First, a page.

In JIRA, we have three levels of hierarchy: Projects -> Issues -> Sub-Tasks. If you want to push it, you can also include Project Categories. I found this basic hierarchy to be insufficient to represent a Work Breakdown Structure (WBS) and in this post we'll explore the possibilities at your disposal.
In JIRA, the term "Project" suggests you should use JIRA "Projects" to represent your own projects. However this is not always the best decision, because of the other elements associated with JIRA Projects, namely Versions and Components (not to mention any Configuration). Most of the larger organizations I've worked with use JIRA "Projects" to represent the different products or applications they work on. But what about actual projects?
With the JIRA Agile add-on, we add a new element to the basic JIRA hierarchy: Epics. In Agile, epics represent large deliverables that usually take longer than one Sprint to deliver. Epics are eventually broken down into Stories, which are also broken down into Sub-Tasks.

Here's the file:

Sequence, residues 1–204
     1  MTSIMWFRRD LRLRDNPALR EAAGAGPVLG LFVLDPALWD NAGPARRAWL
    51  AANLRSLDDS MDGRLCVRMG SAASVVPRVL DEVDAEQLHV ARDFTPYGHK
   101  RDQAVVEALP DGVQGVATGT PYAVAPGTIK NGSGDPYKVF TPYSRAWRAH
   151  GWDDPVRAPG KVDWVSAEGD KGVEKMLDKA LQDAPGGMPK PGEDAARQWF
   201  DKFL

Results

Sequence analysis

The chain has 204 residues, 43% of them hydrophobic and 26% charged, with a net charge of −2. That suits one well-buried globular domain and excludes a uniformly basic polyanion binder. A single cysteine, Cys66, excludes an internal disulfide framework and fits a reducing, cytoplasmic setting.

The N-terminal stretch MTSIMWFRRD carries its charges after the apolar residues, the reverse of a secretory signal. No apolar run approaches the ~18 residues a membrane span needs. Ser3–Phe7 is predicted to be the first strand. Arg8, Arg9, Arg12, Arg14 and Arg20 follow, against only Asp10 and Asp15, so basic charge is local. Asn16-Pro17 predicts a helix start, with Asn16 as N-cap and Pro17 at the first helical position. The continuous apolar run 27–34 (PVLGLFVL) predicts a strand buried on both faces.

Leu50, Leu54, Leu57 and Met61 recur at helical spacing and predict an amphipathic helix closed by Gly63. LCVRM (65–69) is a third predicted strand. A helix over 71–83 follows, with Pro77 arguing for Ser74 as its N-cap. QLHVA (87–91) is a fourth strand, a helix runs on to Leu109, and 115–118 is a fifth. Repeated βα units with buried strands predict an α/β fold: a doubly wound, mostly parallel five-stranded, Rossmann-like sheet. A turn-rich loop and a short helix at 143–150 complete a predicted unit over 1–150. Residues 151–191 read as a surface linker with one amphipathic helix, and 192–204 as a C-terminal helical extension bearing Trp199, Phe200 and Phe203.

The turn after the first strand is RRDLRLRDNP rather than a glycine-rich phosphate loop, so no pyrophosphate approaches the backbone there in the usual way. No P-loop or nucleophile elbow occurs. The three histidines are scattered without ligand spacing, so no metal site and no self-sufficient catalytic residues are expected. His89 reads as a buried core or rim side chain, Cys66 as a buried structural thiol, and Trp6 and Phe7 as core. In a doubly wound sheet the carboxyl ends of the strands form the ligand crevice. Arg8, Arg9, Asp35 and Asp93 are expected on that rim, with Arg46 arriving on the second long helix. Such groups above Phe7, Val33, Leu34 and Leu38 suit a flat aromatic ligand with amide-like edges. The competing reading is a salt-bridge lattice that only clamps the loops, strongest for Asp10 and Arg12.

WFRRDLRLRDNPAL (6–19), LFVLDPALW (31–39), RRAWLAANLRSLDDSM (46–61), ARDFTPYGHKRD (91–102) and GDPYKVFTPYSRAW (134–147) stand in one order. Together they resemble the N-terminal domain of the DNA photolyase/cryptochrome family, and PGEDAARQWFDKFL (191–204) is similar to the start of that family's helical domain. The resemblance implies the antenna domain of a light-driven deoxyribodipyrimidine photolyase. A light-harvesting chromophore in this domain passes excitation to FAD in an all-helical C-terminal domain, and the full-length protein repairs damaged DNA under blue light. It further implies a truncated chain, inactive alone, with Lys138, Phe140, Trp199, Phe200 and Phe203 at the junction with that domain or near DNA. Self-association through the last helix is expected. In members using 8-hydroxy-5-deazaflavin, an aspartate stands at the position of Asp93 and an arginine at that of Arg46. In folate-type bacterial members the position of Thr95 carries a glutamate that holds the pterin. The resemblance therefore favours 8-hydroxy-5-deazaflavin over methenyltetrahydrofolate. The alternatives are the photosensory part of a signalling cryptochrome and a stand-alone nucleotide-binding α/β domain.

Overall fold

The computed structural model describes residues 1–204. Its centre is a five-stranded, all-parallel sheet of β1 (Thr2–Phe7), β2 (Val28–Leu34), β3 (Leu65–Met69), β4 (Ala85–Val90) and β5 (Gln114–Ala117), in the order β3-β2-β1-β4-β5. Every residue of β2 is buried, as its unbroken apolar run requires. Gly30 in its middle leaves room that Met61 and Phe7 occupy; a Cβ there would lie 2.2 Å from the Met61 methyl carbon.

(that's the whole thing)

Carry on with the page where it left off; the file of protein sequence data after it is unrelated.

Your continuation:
So now we have: Projects -> Epics -> Stories (issues) -> Sub-Tasks. This is definitely an improvement, but if you're using JIRA Projects to represent a product or an application, you still have nothing in JIRA to represent your actual projects.
One of the most important aspects of JIRA Portfolio is the fact it adds a new element to the JIRA Structure: Initiatives. Initiatives allow you to group epics into higher-level projects. In fact, I believe Initiatives should be called Projects, but as we all know, the word is already used by JIRA.
If you're using JIRA Portfolio, you can make a clear distinction between your products / applications, and the actual projects your working on. With all these dimensions and levels at our disposal, we can (finally!) build a WBS directly in JIRA (Portfolio!)
Do not hesitate to contact us if you're looking for a demonstration of JIRA Portfolio, we'll be glad to do one for you.